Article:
It was the most heavily armed fighter in the world when it entered service, with four 20-mm cannon and six .303 machine guns. The twin-engined Beaufighter was a malevolent thug of a plane, causing carnage in all theatres on land, sea and air. Beaufighter pilots became aces all over – as premier night fighters from 1940-43, taking part in daring night intruder missions; as Coastal Command long-range fighters over Biscay and Atlantic; in Burma; and as a key element of the RAAF against the Japanese in the Pacific. In the Mediterranean they were used to great effect as a heavy fighter, notably intercepting air transport during daylight and scoring heavily against German and Italian bombers by night over Malta, North Africa, Sicily and Italy. On April 30th, Alwyn Downing aced in a day by bringing down five Ju 52s in one of these massacres.
For a British aircraft it was surprisingly easy to escape from in an emergency. Both crew had a large entry hatch in the fuselage floor. When opened it also served as a windbreak. The pilot simply lowered the rear of his seat and could then just drop out backwards, while the observer rotated his seat to the rear and could leap straight down and out. Page 38 in the pilot’s notes has an explanatory diagram.
Then there’s the alleged Japanese ‘Whispering Death’ nickname…which was made up. “And it was in Burma that the Beaufighter acquired its legendary nickname, ‘Whispering Death’ – a soubriquet which, despite the many versions of its origin published in the past, actually originated as the whimsy of an RAF officers’ Mess in India.” – Beaufighter at War, Chaz Bowyer, 1976, Ian Allan
The Air Ministry tried to royally fuck it up by fitting a turret to it (they did that to the Mosquito too). What else? I love the Beaufighter – the Mosquito was obviously better but the Beaufighter is so brutally unsubtle, it’s compelling. I want one. I hope that the one that’s been under restoration at Duxford seemingly forever actually gets to fly eventually.
*The total figure here is higher than I’ve seen published, but I’ve checked in some detail the individual squadron scores, so it is likely to be pretty accurate.
2. Hawker Hurricane (1935) – 4540 victories (RAF only)
Leading aces: Marmaduke Pattle (SAf) 37 (of 51); Frank Carey (Eng) 26.5; Michael Crossley (Eng) 21
261 aces with RAF, RAAF, RN, SAAF, etc. Not included are 300-plus victories with the Red Air Force.
Hurricanes gained more aces in a day than any other RAF aircraft – and arguably had the first ace in a day of any country in World War 2, with Australian Les Clisbie in France on May 12 edging the first Luftwaffe pilot (unless one includes Sino-Japanese and Finnish Winter Wars). South African Albert ‘Zulu’ Lewis was first to ace-in-a-day twice, nine days before Helmut Wick. And the top RAF ace of all, Pat Pattle, scored the bulk of his victories in the Hurricane. Not only that, but Germany’s top ace for the allies, Manfred Czerzin, scored all of his 15 victories in a Hurricane, while the fabulously famous children’s author Roald Dahl achieved acedom in a Hurri too, as recounted in his autobiography, ‘Going Solo’.
The Spitfire’s rugged partner, which some claim was the real winner of the Battle of Britain, struggled without its more photogenic brother-in-arms in Greece and Malaya.
- Supermarine Spitfire (1936) – 5950 victories (RAF only)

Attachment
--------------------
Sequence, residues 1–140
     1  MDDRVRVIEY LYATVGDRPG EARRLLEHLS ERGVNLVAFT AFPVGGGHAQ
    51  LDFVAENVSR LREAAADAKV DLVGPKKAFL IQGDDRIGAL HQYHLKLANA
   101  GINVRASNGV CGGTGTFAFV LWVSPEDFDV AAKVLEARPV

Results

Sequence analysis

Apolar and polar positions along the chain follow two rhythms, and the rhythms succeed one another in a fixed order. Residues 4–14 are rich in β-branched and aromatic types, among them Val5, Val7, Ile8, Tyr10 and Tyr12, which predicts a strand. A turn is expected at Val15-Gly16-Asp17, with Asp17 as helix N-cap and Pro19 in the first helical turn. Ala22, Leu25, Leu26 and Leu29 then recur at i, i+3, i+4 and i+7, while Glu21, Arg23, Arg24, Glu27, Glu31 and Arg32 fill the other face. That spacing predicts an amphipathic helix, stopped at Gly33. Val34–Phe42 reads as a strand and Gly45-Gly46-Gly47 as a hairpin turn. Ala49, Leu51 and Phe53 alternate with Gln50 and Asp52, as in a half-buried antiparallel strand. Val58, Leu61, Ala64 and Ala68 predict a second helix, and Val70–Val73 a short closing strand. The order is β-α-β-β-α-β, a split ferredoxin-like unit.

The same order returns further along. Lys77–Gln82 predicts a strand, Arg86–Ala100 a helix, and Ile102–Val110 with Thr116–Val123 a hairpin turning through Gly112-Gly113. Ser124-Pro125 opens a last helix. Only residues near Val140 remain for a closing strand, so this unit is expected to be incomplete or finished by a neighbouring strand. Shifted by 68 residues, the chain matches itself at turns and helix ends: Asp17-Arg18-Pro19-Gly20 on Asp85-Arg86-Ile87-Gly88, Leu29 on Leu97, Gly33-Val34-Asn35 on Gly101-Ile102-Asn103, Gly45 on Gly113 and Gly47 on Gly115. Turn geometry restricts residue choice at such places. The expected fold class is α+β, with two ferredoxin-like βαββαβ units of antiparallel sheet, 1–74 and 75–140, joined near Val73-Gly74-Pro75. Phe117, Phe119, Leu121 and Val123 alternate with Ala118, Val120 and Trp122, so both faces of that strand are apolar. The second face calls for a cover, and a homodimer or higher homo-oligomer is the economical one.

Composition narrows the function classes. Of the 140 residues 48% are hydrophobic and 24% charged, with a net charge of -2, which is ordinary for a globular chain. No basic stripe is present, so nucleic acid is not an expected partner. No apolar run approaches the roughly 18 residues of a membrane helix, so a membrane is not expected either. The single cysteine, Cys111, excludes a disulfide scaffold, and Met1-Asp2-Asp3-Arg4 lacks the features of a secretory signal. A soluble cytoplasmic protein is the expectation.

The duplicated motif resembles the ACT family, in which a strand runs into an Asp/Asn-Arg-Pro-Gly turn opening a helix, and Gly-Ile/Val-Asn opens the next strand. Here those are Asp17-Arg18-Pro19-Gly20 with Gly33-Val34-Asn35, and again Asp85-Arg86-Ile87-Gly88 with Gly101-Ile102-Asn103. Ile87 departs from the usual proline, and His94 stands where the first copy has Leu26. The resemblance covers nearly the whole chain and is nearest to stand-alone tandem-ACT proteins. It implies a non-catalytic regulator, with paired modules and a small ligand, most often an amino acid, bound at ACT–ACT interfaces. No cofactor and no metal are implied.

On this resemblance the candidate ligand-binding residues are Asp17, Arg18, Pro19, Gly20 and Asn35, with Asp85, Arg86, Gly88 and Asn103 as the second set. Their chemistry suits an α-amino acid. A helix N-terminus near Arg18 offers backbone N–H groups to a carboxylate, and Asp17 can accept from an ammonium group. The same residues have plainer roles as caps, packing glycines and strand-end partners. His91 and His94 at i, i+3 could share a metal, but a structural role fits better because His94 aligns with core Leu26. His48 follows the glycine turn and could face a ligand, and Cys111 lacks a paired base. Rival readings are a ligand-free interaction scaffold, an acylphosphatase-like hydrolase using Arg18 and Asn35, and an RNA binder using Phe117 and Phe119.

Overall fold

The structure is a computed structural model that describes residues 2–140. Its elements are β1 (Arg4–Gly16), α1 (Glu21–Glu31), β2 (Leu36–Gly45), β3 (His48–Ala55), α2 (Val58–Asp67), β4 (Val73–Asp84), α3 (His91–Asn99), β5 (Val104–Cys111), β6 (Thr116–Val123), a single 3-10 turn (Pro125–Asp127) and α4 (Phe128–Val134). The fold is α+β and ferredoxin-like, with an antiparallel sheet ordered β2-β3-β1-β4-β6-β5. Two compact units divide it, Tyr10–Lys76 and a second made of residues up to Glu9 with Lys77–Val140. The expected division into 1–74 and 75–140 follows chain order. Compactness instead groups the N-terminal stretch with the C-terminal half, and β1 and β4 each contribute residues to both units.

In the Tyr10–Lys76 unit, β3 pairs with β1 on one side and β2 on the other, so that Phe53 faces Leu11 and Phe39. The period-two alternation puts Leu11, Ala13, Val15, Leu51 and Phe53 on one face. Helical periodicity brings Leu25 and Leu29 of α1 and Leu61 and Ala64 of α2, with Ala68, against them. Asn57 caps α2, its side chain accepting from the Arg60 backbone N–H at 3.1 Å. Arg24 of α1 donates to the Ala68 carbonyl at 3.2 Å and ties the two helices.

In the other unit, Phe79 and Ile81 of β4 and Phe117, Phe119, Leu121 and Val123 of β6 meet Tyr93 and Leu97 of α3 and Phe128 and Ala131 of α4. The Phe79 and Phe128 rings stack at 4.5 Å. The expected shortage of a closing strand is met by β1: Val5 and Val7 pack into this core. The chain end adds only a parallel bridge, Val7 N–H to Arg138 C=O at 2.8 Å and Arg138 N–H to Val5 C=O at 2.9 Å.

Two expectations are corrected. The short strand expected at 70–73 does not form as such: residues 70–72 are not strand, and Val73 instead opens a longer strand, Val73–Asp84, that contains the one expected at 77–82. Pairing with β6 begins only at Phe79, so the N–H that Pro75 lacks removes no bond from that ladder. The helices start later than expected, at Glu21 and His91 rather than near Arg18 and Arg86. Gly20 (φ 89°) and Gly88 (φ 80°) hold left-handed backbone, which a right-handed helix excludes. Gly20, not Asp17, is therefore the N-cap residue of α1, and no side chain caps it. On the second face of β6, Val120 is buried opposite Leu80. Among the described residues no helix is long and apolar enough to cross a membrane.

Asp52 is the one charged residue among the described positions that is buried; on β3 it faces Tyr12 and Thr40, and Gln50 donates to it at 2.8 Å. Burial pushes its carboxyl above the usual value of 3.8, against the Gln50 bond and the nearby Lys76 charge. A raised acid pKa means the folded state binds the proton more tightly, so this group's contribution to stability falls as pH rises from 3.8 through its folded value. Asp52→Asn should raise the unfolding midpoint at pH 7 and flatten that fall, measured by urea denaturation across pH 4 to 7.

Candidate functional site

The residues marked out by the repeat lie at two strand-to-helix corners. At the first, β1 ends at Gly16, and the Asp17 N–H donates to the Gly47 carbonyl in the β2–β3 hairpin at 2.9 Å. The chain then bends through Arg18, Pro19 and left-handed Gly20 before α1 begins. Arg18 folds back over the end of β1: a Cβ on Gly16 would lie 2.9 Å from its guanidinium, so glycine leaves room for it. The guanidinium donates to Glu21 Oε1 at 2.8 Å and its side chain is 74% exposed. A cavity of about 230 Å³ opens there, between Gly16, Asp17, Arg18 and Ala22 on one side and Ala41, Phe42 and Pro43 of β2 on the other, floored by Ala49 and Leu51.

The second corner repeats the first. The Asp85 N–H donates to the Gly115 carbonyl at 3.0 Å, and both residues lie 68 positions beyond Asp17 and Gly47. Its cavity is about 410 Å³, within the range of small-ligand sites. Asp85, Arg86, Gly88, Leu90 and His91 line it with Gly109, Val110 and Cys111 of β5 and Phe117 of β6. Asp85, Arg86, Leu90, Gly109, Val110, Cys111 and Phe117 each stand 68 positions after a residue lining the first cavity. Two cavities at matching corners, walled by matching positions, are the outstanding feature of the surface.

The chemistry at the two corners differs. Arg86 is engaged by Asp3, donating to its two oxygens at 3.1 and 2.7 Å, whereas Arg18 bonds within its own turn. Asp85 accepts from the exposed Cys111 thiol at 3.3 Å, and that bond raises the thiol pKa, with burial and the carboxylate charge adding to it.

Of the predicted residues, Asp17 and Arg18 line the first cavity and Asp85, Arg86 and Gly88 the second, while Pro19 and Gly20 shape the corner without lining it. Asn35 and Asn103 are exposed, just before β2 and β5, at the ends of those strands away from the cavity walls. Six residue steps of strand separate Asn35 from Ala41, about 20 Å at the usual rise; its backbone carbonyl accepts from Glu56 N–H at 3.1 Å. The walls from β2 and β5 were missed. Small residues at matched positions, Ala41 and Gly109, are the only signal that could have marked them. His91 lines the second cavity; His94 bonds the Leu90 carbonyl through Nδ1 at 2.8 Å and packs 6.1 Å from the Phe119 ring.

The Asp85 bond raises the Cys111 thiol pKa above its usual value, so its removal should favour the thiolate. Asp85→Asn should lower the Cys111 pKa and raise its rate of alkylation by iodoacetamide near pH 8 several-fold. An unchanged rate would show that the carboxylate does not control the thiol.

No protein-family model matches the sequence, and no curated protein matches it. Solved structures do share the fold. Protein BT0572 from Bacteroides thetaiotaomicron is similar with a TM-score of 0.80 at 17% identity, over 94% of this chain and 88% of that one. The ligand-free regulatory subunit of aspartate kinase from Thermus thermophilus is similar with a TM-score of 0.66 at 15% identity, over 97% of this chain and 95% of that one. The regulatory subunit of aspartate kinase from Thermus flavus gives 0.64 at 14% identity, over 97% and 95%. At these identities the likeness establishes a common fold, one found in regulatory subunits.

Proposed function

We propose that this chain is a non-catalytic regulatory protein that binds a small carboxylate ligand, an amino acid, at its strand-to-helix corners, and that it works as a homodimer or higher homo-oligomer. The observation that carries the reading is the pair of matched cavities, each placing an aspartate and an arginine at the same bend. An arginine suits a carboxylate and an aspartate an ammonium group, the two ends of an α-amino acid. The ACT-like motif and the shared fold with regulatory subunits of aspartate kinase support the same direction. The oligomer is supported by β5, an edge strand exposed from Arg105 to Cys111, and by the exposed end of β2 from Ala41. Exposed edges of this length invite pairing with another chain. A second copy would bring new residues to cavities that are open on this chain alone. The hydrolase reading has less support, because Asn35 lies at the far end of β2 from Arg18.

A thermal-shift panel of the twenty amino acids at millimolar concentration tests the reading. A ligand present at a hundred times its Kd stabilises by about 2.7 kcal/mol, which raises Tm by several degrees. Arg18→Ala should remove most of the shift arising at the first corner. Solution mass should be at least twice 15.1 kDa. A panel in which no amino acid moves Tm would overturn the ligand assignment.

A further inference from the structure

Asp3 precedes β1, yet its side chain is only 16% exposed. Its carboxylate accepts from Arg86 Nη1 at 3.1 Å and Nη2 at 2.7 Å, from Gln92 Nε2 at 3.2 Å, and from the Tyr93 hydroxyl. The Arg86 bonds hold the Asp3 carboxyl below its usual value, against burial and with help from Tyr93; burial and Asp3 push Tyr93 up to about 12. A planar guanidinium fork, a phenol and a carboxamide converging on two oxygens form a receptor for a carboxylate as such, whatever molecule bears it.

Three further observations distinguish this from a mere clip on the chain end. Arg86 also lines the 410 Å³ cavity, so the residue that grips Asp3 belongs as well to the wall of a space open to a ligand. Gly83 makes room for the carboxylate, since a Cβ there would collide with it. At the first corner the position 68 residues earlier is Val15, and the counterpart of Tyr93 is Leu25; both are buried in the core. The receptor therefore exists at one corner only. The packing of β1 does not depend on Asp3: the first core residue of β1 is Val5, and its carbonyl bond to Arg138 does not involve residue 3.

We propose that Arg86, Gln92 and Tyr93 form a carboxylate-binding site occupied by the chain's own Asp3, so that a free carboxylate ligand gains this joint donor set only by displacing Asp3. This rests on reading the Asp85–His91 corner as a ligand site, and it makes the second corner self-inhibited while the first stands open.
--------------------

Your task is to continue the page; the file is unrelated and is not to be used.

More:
The beautiful Spitfire divides opinion between those who view it as an actual war-winner and those who see it as a shameless attention-grabber always turning up to claim credit for someone else’s victories. But contrary attempts to knock its from it perch can’t deny it was a potent interceptor, a beast of a dogfighter and future-proofed to the point that it fought with ferocious efficacy from 1939 to 1945.
It was a front-line fighter throughout the war, with notable campaigns in Dunkirk, Britain, the Channel, Malta, North Africa, Sicily / Italy, Burma, Australia, and from Normandy all the way to Berlin. Top aces include J.E. ‘Johnny’ Johnson (Eng) 36.91, George Buerling (Can) 31.33 and Adolphus Malan (SAf) 29.5.
Notably, it fought in most theatres where British forces won – and was absent during defeats, with some of the last aces of World War 2 flying the godlike Spitfire XIV. Top British ace of the War, Johnny Johnson, and created two aces in a day – Kiwi Brian Carbury, during the Battle of Britain, and Canadian Richard Audet in a Spitfire IX on 29 Dec 1944.
USAF and Red Air Force kills are not counted here (440 in all).
Disclaimers These are best estimates based on victory records of aces and near aces and checked against squadron numbers – I used exactly the same system I did with the Spitfire count. And obviously these are confirmed victory claims – and not confirmed enemy losses.
No unmanned aircraft/missiles included in scores – but I have figures for V1 victories by type here
Tempest – 638 (Joseph Berry 59, Remy van Lierde 36.5)
Mosquito – 623 (Francis Mellersh 39, Edward Crew)
Spitfire XIV – 305 (R.S. Nash 16.5)
Mustang – 232
Others – 158 (including Gloster Meteor with 14)
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Thanks for a very well researched article. Your writing skills made it a pleasure to read; an attribute less common these days
My late father was an electrical fitter in the RAAF during the second world war. He said the Beaufighter was one of the easier aircraft to service, although, as with many British aircraft, it had its share of knuckle scraping crevices to contend with. No doubt training on the Beaufort first helped in this regard.
Reblogged this on Calgary Recreational and Ultralight Flying Club.
I would be curious to see a comparative analysis of victory ratios i.e. kills to numbers of aeroplanes in service
It’s a bit unsurprising that the list is dominated by the longest-serving fighters. They had many more opportunities to get kills than, eg, the Mustang.
Correction requested in the comment about Polish fighter Horbaczewski. His last name was mispelled several times.
Thanks for flagging this, will check it now.
rugged hawker hurricane
I ship hurricane and spitfire